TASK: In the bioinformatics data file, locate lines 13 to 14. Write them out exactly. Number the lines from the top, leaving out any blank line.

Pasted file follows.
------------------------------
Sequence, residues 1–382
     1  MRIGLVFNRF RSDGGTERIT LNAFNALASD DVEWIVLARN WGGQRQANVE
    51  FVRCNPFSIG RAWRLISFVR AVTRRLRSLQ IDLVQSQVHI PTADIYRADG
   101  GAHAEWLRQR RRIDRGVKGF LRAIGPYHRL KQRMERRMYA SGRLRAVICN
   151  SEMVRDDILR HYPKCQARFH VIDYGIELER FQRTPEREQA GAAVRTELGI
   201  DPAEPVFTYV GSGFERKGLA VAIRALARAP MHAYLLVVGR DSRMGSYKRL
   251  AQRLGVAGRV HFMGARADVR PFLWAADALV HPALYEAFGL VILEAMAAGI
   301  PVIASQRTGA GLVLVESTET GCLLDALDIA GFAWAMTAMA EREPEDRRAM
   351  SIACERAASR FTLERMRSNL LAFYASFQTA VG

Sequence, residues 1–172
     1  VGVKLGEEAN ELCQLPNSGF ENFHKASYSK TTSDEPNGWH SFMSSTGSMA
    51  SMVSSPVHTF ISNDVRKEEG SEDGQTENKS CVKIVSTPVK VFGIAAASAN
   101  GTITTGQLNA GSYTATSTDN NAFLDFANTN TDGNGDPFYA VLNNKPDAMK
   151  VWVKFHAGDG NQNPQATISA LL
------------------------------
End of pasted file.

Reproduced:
   101  GTITTGQLNA GSYTATSTDN NAFLDFANTN TDGNGDPFYA VLNNKPDAMK
   151  VWVKFHAGDG NQNPQATISA LL